Apple however have put a lot of effort to email. You probably know that there's push email support now and MS Exchange support too. That's Apple's way of scratching the corporate itch, as well as an attempt to steal some market share from Blackberry. A strange prerequisite for using a MS Exchange account with the iPhone 3G is enabling your SIM card PIN prompt - we appreciate security, but that one we just don't understand.

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Email client • opening our inbox • reading emails with embedded images

Now you can also mass delete and mass move emails around, but they still haven't found a way to search your emails or even sort them by any filter. You can save attached images straight to your Camera Album, but you still can't send full resolution images from your camera via email. Instead they get downsampled to 800 x 600 pixels. And there's still no support for ZIP or RAR files, so if you receive those, you won't be able to check their contents.

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MS Exchange support is there • Mass delete and mass move are available now • Push email is also an option

Of course, DOC, PDF, XLS and PPT files which you receive as attachments can be previewed (no editing). When you open an office document, screen auto rotation kicks in and you can use multi-touch to zoom in/out.

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Attached files • opening XLS, DOC and PDF files

At least, landscape QWERTY mode is now available to messaging, and that feature is high on our list.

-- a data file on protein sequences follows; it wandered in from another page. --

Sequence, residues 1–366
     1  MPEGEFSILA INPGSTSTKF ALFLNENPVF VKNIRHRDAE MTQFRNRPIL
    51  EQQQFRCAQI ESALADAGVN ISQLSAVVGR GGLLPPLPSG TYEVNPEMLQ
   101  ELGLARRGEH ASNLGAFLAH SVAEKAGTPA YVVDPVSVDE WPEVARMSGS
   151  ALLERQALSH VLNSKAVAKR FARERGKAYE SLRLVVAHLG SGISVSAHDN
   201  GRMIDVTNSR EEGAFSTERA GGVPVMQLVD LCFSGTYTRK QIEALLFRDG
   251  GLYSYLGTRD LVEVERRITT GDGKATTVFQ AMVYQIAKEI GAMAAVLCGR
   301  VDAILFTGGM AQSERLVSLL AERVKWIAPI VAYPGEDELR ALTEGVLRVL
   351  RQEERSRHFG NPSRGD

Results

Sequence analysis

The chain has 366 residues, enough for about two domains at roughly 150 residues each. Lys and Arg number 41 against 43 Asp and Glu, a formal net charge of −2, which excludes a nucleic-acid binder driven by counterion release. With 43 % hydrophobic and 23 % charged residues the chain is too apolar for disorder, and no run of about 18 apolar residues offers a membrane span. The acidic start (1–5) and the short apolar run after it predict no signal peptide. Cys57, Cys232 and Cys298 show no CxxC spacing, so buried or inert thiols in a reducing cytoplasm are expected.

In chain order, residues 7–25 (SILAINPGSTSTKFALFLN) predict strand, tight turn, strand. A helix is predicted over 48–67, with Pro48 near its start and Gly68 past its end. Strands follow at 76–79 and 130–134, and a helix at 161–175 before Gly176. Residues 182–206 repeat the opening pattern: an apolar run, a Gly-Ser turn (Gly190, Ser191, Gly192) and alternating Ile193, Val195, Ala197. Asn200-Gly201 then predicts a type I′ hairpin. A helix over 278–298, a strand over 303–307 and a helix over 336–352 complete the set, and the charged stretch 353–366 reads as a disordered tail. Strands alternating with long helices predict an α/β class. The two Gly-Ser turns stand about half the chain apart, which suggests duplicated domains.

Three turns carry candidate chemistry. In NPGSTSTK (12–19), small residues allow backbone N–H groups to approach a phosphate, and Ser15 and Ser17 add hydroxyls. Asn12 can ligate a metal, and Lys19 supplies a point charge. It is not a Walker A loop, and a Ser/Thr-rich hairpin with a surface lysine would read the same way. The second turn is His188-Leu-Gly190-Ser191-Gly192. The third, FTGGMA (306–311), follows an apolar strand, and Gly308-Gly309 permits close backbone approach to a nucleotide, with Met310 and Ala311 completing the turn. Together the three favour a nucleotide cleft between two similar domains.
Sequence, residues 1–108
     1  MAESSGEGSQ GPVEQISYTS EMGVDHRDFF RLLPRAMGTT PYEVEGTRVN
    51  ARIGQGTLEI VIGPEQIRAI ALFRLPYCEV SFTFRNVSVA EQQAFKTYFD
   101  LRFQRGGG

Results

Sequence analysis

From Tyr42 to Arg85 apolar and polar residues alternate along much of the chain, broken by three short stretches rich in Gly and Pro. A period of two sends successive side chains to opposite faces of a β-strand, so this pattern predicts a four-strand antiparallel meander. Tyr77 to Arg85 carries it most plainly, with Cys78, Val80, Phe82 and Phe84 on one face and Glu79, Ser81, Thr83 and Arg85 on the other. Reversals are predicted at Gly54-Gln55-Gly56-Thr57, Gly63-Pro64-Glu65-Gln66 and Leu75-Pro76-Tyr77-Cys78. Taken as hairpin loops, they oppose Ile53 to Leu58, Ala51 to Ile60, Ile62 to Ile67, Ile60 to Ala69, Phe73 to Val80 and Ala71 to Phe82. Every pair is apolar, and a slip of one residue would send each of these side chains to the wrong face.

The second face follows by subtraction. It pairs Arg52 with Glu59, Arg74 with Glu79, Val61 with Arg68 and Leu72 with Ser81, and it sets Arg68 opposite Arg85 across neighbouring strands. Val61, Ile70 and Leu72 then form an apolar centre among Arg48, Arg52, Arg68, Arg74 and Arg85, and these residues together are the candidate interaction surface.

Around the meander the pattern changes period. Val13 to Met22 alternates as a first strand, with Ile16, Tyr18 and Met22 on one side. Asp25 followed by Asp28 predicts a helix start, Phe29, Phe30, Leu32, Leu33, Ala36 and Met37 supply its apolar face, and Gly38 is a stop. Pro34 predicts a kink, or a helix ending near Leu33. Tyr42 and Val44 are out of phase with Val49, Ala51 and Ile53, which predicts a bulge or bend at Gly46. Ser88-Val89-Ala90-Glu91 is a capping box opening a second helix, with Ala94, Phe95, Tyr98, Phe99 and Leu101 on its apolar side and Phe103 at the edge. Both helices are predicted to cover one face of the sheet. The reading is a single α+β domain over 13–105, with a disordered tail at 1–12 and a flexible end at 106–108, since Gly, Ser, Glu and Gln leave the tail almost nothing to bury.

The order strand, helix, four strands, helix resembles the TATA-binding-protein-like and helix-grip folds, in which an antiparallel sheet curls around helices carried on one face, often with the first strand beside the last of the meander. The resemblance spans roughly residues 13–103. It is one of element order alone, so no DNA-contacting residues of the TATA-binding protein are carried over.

Multimedia and audio quality

There are no changes to the Multimedia department on the iPhone 3G whatsoever. Exploring photos, music and videos goes just as it did on the iPhone 1G.

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Browsing images

We were really curious however how the iPhone 3G fares in terms of audio quality. So we put it through its paces in our regular audio quality test.

It turned out that the audio quality of the iPhone 3G is just as expected - flawless. The iPod pedigree is enough to provide one of the best sonic experiences on the market. All of the readings are remarkable, so we have an excellent performer in all possible aspects.

As far as the difference to the iPhone 1G is concerned, the iPhone 3G performs almost the same as its predecessor. The differences are really insignificant and, as there was virtually nothing more to ask of the iPhone 1G, this spells great sound experience. Check out the comparative results.

More information about the meaning of the different numbers and the whole testing process can be found here.

TestFrequency responseNoise levelDynamic rangeTHDIMD + NoiseStereo crosstalk
Apple iPhone 1G+0.34, -1.16-90.891.30.00500.016-91.4
Apple iPhone 3G+0.52, -1.05-89.990.10.0033 0.016-93.1
Apple iPod+0.41, -1.16-91.691.80.0043 0.015-83.6
Nokia N81+0.39, -1.13-86.685.80.0410.040-69.9
Samsung i550+0.74, -0.76-90.886.90.0024 0.033-89.1
Sony Ericsson W980+0.31, -1.25-86.089.40.037 0.828-86.3

Apple iPhone 3G
Apple iPhone 3G vs iPhone 1G frequency response graphs are virtually identical